La femme d’à côté

Your franco-american anecdote of the day…

We had an interesting debate in class yesterday after watching La femme d’à côté by Truffaut. It all started on the complexity of the main character, how hard their motives were to understand and how the story started out cliché but eventually was not, and Gérard Depardieu sure is a handsome guy (is he now? perhaps just as much as Oh là là ! means scandal–for me it’s just something my mum will say if the cat has vomited again on the carpet, whatever). Then–

"Miss, I have an idiot question. Is adultery really that common in France?" (just as I raised an eyebrow–) "Because French movies always seem to deal with adultery!"

Oh, that. Yes. As I was going into the usual explanation, that no, adultery is certainly no more common here and it is just the way we react to it, that we only hide it less and that you remember Bill Cliton and Monica, when the US were in a state of commotion and half of them wanted poor Bill’s head while back in France, we were scratching ours with much perplexity (and the tiniest bit of chauvinistic condescention–don’t tell about that) because our own president had done it for fifteen years and even had an illegitimate daughter and there was nothing wrong about that. I started to explain about Madame Bovary, l’amour courtois and how there has never been anything wrong with depicting adultery in art. And then the realisation of what was bothering them dawned on me–

"It’s just that Depardieu’s wife has such a weird reaction when she discovers that her husband in cheating. She fixes his dinner? She asks about his lover? She’s forgotten or what?"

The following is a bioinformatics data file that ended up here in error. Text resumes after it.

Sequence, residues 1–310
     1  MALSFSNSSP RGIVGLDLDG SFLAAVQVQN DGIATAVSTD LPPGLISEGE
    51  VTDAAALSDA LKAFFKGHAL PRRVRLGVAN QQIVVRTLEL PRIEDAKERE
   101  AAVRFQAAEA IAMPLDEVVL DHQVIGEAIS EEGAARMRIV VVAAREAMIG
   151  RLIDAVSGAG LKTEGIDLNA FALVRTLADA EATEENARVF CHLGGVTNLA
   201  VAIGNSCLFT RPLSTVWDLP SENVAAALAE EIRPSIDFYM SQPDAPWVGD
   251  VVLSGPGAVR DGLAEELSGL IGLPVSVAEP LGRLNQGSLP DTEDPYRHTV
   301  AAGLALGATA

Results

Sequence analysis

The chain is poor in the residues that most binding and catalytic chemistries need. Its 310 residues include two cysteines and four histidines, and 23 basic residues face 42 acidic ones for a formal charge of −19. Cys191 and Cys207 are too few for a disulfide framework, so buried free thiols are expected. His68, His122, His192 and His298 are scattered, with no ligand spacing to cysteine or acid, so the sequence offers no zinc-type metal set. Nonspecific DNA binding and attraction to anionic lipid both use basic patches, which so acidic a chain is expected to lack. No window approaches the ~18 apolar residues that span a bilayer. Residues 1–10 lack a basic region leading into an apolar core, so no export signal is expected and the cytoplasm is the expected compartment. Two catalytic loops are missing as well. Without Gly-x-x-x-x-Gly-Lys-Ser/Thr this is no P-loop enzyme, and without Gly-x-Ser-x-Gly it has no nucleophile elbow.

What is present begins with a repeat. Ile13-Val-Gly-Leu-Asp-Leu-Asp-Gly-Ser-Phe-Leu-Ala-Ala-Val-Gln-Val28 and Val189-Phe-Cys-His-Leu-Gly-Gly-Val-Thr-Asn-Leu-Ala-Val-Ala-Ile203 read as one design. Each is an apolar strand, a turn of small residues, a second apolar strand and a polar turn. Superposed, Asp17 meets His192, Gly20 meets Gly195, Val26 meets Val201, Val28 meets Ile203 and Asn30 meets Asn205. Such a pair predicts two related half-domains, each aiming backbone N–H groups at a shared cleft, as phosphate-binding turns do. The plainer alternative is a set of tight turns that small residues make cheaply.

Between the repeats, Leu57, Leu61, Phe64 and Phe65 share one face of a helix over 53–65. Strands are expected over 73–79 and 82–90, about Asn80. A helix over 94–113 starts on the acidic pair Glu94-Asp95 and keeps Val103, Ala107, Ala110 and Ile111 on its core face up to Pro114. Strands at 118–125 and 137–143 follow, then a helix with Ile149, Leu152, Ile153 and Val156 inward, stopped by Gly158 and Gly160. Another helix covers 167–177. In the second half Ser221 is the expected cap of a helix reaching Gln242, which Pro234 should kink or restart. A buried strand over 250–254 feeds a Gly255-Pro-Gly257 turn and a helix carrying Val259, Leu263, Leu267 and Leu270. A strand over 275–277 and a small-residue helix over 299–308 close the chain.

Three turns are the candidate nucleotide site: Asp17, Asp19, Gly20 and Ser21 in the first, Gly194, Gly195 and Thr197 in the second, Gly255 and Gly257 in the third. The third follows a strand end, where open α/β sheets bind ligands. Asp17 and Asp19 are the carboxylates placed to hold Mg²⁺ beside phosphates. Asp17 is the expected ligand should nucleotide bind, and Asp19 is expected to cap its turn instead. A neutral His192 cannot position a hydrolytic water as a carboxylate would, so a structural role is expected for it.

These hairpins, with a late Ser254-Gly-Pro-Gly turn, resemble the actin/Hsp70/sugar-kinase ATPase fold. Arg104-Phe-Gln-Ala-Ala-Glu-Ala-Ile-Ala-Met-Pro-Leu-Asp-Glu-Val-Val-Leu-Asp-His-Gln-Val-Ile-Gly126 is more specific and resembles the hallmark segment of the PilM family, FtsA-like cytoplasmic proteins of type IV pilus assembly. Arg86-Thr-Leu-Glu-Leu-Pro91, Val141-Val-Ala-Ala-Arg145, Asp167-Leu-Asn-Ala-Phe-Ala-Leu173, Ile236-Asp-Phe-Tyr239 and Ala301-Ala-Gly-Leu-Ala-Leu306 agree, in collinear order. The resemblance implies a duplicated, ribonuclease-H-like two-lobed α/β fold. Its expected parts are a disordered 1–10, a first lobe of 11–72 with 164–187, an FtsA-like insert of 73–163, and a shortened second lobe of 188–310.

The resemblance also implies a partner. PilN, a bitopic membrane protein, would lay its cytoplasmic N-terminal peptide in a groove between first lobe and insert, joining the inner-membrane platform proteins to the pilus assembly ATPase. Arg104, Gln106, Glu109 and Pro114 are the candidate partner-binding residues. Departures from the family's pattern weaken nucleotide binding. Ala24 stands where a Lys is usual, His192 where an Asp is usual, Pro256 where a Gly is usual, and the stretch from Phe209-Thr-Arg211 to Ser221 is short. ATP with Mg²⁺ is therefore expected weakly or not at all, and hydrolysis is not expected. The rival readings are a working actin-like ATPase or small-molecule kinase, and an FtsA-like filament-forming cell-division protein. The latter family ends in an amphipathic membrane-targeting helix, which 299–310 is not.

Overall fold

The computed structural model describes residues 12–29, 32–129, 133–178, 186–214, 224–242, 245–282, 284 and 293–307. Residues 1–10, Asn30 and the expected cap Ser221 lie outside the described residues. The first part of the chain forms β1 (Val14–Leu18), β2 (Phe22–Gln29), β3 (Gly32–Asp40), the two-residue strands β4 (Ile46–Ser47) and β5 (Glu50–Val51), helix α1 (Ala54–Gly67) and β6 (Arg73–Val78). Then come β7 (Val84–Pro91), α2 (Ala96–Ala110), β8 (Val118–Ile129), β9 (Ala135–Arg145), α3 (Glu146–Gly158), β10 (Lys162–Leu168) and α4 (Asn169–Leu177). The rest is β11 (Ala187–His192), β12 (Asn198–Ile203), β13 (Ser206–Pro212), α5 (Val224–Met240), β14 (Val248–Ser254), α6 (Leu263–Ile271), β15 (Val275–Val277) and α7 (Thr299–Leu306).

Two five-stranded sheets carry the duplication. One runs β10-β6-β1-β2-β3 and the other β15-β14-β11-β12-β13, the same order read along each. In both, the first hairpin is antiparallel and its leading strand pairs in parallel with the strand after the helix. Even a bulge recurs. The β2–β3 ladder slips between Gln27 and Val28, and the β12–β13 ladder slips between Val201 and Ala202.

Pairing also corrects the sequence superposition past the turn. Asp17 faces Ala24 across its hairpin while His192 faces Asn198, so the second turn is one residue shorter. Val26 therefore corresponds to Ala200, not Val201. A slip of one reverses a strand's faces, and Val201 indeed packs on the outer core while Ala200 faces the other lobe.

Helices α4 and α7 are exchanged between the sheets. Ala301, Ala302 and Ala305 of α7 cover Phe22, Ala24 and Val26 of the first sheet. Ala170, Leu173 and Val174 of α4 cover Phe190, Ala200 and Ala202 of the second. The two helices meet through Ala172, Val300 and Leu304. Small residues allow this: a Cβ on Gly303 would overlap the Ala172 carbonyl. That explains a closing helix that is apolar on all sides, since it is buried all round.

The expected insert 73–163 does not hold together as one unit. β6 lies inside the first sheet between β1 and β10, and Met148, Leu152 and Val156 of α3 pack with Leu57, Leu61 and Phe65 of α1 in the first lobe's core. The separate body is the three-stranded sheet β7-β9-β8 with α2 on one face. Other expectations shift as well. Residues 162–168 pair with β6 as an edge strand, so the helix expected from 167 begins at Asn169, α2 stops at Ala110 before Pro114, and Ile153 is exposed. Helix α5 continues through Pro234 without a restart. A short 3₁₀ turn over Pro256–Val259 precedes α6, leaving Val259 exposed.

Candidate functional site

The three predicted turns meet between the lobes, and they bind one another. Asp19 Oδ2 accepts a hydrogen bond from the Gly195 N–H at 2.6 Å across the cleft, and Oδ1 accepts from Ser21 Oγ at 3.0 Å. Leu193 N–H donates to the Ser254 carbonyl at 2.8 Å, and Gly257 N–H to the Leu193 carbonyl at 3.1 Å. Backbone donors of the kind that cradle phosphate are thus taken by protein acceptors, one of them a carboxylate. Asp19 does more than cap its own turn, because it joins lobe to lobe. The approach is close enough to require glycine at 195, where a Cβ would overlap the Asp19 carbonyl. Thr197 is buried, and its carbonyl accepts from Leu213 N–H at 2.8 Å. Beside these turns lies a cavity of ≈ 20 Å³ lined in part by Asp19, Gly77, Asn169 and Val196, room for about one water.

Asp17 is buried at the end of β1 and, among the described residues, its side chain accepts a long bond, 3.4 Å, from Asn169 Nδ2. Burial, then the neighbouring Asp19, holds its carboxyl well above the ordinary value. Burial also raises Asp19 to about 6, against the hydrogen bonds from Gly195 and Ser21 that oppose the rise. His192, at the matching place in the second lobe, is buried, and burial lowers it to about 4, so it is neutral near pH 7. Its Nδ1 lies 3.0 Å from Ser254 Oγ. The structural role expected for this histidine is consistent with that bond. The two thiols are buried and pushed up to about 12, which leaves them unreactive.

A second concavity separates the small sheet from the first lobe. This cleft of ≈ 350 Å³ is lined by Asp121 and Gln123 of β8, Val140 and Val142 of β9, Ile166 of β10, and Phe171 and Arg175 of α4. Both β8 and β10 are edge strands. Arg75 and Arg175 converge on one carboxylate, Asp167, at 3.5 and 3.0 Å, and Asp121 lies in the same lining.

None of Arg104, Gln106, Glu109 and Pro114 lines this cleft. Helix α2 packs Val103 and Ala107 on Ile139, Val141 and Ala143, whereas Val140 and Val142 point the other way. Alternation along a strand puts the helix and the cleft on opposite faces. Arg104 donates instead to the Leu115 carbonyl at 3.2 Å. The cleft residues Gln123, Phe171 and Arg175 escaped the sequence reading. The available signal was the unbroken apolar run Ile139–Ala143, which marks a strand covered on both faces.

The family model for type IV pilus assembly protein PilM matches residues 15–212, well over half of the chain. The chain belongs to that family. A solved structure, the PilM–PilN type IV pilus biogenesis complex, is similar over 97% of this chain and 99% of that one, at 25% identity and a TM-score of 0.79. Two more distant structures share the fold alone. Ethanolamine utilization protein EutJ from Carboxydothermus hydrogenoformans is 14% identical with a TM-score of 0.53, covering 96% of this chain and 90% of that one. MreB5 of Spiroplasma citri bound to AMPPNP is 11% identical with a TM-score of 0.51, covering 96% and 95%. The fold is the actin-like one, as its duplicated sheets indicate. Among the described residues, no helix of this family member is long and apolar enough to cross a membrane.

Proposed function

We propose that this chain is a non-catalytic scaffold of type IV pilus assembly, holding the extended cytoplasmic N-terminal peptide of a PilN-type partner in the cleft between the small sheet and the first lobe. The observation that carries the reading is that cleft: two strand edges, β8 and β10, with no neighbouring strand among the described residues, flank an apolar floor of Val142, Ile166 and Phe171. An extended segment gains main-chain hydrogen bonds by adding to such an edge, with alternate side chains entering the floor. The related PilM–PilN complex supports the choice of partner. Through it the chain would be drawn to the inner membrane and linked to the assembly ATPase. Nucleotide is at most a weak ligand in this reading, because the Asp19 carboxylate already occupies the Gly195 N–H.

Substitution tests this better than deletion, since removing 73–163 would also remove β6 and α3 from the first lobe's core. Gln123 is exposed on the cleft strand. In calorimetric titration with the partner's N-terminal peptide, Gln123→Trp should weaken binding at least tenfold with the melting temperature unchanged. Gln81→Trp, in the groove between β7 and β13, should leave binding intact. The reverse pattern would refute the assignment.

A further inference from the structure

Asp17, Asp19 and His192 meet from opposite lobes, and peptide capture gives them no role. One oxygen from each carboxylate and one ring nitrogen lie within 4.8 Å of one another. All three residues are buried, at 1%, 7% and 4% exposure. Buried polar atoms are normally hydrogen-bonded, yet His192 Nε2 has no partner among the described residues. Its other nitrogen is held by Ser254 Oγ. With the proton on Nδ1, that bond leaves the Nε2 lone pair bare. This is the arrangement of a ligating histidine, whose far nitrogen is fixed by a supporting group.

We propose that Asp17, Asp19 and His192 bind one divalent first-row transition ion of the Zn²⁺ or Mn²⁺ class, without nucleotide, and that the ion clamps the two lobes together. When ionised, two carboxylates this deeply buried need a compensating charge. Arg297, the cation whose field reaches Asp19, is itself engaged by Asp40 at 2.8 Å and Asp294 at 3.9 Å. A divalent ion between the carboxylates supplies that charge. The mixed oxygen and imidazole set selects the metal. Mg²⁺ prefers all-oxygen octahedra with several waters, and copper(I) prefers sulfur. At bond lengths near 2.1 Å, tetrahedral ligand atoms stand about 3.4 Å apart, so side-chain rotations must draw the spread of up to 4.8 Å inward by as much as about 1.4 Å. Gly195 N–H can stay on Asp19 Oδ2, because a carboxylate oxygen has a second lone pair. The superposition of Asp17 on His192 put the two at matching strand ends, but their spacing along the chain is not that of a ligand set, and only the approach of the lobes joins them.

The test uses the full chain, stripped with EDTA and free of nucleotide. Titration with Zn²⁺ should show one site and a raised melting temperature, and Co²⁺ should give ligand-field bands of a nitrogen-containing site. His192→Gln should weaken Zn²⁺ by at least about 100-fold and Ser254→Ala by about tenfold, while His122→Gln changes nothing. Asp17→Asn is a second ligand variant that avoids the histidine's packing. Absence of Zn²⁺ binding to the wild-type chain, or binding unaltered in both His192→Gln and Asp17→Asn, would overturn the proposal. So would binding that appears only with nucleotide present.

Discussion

I had not fully realised just how different we were. For me, it was only natural. She’s a loving, understanding woman in the eighties, fifteen years after the sexual revolution, a generation after Mai 68 (you know, this period during which all values were shattered to dust and for the briefest moment people were suddenly friendly and viewing each other as equals and throwing stones to the police to find the Beaches of Eden underneath the pavement, and then the better part of everything reverted back to normal). She’s a modern gal with a four-year-old boy and she wants to keep her family together. She would forgive. Psychologically, dramatically, that was the most obvious move. I was very far from realising that for most of my students, her reaction was absolutely alien. According to their experience, in the US, adultery means divorce (or else that’s because the husband is a controlling and abusive bastard, at least from what they told me). No one would ever find it normal to forgive and forget.

I’ll still wait for some more people to confirm this before I take it as fact. If it’s true, then I’ve only discovered one more difference between our old Europe and the other side of the Ocean.

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